Exploring the studio with Khen — progressive’s rising star
Khen‘s name is synonymous with quality. Throughout the last half decade or so, the progressive house magnate has proven himself to be one of the greats after being taken under Guy J’s wing and releasing on virtually all top labels in the subgenre including Lost&Found, Bedrock, Vivrant, Sudbeat, and beyond. His track “Children With No Name,” which Dancing Astronaut premiered, ended up becoming an anthem that was has been rinsed far and wide across the progressive sphere. His releases on Jeremy Olander’s Vivrant and John Digweed’s Bedrock have earned similar success, earning him further acclaim in the producer sphere. Outside of that, he’s well-proven his excellence behind the decks, continually hypnotizing his audiences with complex mashing and bootlegging on the fly through Ableton—and of course, with his keen curatorial and storytelling ear.
The end of 2018 brought along a particularly momentous occasion: the release of his highly sought-after “Closing Doors,” which Anjunadeep had been fighting for since the track emerged in his and others’ sets well over a year ago. It’s a hugely emotive and melancholic piece, simultaneously catalyzing introspection and somehow, joyful nostalgia underneath its bittersweet melodies. “Burgundy,” a sultry afterhours weapon, follows. No surprise here as to why James Grant and his associates wanted to snag both for a landmark output that broke the label’s status quo.
Obviously, Khen produces from the heart and soul; the passion he pours into his work is palpable in each of his tracks. However, there’s a certain technical brilliance to each as well, and we were determined to get a glimpse at this side of the spectrum as well. We sat down with the Tel Aviv native to discuss gear, with him kindly pointing out some of his favorite studio pieces that help make his releases so well-rounded and ethereal.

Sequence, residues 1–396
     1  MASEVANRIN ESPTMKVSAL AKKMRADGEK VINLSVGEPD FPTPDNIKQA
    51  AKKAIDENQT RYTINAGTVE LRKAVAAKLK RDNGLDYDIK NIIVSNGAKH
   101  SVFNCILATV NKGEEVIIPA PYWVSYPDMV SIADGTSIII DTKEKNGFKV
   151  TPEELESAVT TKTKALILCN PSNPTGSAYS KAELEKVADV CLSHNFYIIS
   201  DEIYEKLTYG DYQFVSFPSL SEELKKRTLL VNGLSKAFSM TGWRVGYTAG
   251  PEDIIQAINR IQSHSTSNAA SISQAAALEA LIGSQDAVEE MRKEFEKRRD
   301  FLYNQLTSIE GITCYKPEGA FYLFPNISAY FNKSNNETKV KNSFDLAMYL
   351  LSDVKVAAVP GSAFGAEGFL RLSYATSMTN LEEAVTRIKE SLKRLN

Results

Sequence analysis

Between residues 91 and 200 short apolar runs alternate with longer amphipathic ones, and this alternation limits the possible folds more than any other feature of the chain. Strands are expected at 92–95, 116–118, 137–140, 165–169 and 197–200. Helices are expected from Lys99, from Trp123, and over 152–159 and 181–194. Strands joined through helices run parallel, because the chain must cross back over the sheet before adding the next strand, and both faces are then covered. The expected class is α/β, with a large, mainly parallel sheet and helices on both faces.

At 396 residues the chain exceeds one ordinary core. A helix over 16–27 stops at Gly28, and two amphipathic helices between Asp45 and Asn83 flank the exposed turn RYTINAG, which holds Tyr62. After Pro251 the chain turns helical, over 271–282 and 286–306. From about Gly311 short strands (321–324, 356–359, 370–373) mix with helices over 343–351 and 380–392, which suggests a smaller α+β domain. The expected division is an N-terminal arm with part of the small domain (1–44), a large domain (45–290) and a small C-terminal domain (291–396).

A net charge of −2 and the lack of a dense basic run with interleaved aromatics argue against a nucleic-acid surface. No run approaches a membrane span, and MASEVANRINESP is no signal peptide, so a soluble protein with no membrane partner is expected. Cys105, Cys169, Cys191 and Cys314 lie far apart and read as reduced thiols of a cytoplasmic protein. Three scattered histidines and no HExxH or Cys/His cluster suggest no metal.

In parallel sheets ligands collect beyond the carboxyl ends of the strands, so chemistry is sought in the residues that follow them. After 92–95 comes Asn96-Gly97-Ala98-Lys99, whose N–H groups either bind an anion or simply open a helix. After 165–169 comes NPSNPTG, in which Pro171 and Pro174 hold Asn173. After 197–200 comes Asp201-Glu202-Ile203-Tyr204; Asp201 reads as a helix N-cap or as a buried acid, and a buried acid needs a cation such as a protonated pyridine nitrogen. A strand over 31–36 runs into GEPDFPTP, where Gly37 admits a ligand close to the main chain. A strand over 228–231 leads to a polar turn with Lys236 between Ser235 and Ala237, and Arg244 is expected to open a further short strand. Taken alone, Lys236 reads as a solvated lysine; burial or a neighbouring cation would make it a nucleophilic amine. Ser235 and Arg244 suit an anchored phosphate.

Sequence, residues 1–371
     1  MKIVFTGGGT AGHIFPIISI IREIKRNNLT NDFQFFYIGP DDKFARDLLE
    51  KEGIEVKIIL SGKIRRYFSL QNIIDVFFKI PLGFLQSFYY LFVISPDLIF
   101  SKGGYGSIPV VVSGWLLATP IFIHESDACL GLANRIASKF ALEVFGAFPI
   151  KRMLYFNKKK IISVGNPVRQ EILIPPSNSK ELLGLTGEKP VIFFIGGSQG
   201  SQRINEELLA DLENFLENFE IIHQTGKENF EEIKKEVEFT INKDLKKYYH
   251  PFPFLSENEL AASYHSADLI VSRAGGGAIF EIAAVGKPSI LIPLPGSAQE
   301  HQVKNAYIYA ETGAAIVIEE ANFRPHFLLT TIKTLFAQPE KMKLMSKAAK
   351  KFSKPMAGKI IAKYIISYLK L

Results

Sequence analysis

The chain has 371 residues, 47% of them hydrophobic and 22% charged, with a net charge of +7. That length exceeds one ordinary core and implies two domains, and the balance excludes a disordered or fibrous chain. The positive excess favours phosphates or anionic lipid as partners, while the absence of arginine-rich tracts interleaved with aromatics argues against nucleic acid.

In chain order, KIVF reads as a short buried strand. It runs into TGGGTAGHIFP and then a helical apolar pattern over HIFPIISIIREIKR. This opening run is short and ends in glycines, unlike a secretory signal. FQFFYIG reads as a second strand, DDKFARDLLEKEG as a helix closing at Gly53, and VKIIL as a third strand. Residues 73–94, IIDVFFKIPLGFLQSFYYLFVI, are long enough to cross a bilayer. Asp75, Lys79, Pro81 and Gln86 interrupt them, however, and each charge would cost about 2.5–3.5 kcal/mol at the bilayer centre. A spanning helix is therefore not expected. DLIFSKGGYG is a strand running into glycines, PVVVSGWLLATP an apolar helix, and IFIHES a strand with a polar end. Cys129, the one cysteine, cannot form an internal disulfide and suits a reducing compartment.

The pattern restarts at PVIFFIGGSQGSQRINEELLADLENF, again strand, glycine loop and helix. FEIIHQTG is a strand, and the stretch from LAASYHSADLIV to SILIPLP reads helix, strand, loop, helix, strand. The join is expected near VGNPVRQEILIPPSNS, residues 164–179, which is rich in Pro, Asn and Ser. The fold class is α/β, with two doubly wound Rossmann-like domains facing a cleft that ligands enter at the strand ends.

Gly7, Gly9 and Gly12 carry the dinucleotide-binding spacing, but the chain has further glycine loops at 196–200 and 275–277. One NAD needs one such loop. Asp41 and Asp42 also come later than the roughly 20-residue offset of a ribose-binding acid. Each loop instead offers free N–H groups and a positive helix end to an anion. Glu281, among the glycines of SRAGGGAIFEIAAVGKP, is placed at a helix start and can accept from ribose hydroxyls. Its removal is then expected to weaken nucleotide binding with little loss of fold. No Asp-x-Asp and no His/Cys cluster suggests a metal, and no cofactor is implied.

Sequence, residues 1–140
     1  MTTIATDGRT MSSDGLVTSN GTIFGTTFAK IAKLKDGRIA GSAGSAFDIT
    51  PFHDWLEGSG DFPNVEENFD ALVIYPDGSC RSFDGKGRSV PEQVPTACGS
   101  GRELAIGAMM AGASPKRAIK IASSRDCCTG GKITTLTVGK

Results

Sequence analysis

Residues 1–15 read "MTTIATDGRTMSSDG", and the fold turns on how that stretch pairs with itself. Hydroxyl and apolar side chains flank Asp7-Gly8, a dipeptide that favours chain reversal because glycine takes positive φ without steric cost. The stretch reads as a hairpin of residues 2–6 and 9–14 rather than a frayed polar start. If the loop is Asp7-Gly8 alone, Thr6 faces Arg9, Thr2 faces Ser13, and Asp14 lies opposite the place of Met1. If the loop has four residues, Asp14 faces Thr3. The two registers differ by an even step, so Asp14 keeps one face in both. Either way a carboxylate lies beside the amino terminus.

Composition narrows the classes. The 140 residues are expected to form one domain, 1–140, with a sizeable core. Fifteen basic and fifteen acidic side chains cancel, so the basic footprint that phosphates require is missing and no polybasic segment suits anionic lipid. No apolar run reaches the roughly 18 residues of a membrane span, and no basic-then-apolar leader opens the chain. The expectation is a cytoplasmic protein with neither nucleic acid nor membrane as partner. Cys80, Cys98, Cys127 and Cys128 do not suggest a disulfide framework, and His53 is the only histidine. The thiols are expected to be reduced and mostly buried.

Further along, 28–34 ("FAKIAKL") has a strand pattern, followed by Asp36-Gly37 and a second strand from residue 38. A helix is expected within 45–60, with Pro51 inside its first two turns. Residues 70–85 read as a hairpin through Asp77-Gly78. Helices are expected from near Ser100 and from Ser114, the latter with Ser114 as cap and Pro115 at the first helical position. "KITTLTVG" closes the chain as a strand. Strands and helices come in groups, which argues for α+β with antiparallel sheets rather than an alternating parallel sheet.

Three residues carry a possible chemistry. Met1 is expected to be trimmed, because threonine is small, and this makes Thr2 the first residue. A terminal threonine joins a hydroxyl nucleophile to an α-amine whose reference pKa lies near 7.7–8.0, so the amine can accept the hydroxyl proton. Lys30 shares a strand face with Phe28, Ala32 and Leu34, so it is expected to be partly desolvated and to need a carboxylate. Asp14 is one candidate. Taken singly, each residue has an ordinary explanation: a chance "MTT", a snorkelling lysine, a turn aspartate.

Roland JUNO 60
My precious baby. Warm and overall amazing sound that I use for basslines, pads, and crispy leads. I used it on both ‘Pecas’ that came out on Lost & Found and ‘Closing Doors’ that just came out on Anjunadeep. I use it to layer melodies to make them sound warmer; this is another thing it’s really good for. In essence it’s a very simple synth, but the sound is very rich, even to the extent that that I usually don’t need to add any delay or reverb.
Dave Smith Prophet 12
My main studio hardware synth. Analog and digital hybrid. This one has a very broad and varied capacity in terms of sound output. I mainly use it for melodies, pads and as a sequencers. It sounds different from any synth in the world I’ve tried, and you can find a very different, crazy sounds with relative ease without the use of distortion and modulations. This one was key in the making of ‘Closing Doors.’
The Tanzbar is an analog drum machine and one of the best I’ve every worked on. This is where I get a lot of my kick drums from. I actually like it so much I sometimes use it to make a bassline out of a kick drum. Sometimes I add a second bassline on some tracks for that added groove.
Pedals(Strymon Tape Delay and DOD Envelope Filter)
I use two different pedals. One is the Strymon tape delay and the other is a DOD Envelope Filter. Both usually work great with the top loops to make them more sparkly in sound. Also, using the delay with a long feedback on different sounds, recording it and then chopping and cutting it up can make for cool FX using existing parts from the track.
Padshop Soft Synth (Steinberg)
Very much my go-to synth for pads, atmospheric and hypnotic sounds. It’s a granular synth that used samples of stuff like strings, guitars, vocals and other stuff and transform them to make them sound way cooler. I also use it to layer melodies, which gives added depth to the regular lead sounds.
Photo credit: Facebook/Khenmusic